Anyway, I was feeling fine after a good lunch and some recovery after the workout. No one ever said being healthy was going to be an easy endeavor. But I was kind of happy with my effort in spite of having to cut it short. In the past, having to cut a workout short was a sign of weakness on my part, merely because my body just wasn’t ready for the rigors of the said workout method. But this past Tuesday was because I could handle the workout, just not the entire workout. My body just ran out of gas so to speak. If I hadn’t been shaking and feeling al little light headed, I would have continued and finished the darn thing off. Jon had wanted me to do some high intensity barbell overhead presses in addition to something he called “Ballbatas.” Basically I would be doing slam balls with the 20-pound ball for 20 seconds at a time for four minutes. Yeah, I would have failed miserably if that happened. Either way, I have mentioned before how important it is to try new things on the course of your fitness journey. But you always have to listen to the body when you start pushing yourself a little too hard, specially when you live 100+-degree heat like I do. Until next time!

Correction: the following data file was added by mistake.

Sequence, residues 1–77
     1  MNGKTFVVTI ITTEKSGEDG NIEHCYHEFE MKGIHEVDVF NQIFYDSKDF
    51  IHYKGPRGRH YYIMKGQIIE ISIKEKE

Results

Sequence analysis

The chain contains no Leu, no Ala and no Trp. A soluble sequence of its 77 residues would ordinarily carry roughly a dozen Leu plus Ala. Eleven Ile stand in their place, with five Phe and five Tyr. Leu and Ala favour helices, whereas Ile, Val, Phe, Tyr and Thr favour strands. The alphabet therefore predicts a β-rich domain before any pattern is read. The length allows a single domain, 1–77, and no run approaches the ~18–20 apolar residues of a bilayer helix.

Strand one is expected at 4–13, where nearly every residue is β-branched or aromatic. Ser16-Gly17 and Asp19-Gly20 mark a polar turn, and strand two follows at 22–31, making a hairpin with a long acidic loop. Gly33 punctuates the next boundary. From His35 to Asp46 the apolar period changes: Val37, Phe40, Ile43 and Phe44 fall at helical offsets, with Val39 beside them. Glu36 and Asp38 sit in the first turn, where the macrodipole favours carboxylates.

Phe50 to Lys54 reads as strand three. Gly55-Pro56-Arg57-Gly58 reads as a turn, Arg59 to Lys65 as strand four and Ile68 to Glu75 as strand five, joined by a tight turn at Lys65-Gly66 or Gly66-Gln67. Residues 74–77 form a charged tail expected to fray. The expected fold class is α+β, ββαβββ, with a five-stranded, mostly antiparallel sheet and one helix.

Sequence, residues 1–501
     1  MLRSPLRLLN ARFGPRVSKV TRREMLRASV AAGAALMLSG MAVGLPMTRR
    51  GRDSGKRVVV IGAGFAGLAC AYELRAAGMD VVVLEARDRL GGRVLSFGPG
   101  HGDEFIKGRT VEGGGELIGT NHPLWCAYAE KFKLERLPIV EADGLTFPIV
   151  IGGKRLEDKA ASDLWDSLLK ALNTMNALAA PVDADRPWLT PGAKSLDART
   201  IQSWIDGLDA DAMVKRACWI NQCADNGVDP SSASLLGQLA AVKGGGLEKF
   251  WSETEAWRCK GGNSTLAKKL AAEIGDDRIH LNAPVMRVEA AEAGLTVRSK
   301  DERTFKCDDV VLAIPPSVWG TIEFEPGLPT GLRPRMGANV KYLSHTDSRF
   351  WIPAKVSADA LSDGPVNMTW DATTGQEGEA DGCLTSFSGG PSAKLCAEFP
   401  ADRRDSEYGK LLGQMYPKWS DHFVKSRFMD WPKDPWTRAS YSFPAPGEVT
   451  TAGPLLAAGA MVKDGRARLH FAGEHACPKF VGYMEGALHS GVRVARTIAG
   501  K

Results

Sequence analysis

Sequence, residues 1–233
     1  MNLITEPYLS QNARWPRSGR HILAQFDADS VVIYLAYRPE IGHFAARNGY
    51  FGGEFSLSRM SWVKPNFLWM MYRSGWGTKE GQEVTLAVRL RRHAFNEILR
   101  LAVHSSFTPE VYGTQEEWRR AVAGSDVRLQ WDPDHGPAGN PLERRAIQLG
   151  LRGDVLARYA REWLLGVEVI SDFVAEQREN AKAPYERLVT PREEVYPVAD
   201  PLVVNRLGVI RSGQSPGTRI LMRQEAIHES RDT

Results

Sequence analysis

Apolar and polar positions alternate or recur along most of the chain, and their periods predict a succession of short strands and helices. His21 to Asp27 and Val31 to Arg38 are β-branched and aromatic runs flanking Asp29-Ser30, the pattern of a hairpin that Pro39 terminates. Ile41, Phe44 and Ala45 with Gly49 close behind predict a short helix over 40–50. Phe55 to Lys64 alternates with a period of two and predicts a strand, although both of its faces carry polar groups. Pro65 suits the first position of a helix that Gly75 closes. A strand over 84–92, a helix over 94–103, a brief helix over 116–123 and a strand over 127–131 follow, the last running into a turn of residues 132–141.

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Steve, a Parsons Training Client, went from 400 pounds to Running half-marathons, from lifting pizzas to lifting hundreds of pounds through training with us.
When you read this blog you are reading through the eyes of someone who is winning the battle of real weight loss. Steve is not a fitness professional, but he is someone we can all learn from.